Any strong employment brand highlights employee testimonials and success stories. On your career site, share feedback from employees – either written or via video – about why they enjoy working for your dealership. Also encourage employees who have had a great experience with your dealership to share their feedback on review sites such as Glassdoor. In these testimonials, make sure to include employees who have risen through the ranks at your dealership – such as an entry-level service technician who is now a service manager. Doing so will help job seekers better understand the long-term career opportunities of working at your dealership, encouraging them to apply.

When it comes to employee feedback, Tesla doesn’t exactly have a stellar reputation. In December, Wired released a lengthy piece, “Dr. Elon & Mr. Musk: Life Inside Tesla’s Production Hell,” highlighting Elon Musk’s intimidating attitude toward engineers and technicians and his tendency toward “rage firings.” Many employees are encouraged to avoid directly crossing paths with Musk, as an unexpected encounter could endanger their careers. Other stories have come out in recent years highlighting key drawbacks of working at Tesla.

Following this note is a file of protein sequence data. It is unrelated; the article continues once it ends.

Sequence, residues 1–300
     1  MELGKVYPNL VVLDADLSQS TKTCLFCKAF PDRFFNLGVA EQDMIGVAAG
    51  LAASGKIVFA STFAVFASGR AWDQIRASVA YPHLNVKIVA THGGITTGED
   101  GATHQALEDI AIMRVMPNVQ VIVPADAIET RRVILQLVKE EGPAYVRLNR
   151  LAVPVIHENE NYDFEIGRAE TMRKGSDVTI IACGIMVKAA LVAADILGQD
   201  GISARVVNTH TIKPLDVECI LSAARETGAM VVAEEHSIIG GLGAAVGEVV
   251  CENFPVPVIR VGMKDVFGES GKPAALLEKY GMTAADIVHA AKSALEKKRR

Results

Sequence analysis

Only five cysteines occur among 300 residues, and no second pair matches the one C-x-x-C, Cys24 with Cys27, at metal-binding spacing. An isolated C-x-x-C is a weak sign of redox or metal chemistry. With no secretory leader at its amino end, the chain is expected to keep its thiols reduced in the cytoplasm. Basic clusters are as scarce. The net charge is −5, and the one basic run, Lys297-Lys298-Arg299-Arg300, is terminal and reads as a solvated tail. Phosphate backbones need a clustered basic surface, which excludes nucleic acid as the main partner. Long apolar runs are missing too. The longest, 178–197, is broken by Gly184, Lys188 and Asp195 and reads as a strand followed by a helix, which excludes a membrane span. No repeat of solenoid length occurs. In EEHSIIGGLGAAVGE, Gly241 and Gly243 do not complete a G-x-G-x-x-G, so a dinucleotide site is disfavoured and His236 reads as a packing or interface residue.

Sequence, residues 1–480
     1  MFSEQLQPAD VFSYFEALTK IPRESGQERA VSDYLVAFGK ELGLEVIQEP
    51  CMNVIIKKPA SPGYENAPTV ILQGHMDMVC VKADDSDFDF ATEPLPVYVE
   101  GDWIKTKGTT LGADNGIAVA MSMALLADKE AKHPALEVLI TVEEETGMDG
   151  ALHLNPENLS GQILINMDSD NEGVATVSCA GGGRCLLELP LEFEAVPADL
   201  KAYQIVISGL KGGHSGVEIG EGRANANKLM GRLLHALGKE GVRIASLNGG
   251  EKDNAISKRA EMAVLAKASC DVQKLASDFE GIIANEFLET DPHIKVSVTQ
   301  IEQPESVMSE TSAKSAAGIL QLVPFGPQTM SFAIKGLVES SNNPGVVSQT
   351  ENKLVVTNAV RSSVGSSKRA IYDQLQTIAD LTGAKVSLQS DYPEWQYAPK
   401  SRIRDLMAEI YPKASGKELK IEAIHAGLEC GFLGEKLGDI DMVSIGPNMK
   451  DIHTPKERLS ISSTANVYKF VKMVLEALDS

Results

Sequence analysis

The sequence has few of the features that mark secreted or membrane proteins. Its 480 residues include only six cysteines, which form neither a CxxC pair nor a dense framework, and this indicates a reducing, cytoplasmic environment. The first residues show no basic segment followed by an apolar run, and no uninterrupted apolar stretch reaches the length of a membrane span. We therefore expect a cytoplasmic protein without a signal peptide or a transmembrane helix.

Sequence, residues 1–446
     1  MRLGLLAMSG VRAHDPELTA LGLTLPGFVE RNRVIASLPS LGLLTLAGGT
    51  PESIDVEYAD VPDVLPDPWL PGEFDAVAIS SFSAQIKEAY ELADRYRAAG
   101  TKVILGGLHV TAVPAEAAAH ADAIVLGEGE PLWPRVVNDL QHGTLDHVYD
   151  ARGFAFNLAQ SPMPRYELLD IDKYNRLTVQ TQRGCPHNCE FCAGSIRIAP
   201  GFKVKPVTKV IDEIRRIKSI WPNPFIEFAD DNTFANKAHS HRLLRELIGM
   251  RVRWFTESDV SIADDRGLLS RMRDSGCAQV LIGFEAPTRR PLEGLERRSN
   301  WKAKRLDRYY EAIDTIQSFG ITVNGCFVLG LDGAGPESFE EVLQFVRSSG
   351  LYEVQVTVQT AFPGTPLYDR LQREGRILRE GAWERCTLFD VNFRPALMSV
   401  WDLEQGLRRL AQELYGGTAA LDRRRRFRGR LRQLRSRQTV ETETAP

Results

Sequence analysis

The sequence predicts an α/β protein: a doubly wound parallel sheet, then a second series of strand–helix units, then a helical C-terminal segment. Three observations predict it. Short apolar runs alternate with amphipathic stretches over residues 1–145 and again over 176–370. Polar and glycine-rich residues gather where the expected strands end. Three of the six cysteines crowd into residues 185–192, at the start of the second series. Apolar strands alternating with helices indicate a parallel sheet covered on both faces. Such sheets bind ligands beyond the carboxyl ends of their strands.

While the brand might be seen as an innovative company to work for, many employees would be much better off working elsewhere – including at a local dealership. If a job seeker sees your compelling employee testimonials and reviews, then reads an article about Tesla’s hostile work environment, they’ll be more likely to want to work for your dealership.

Change the Perception of Working at a Dealership

Some job seekers might be intrigued at the idea of working for Tesla or Waymo over a dealership because they’re well-known technology companies. But in many cases, working as a technician at either of these brands isn’t much different than a technician role at a dealership.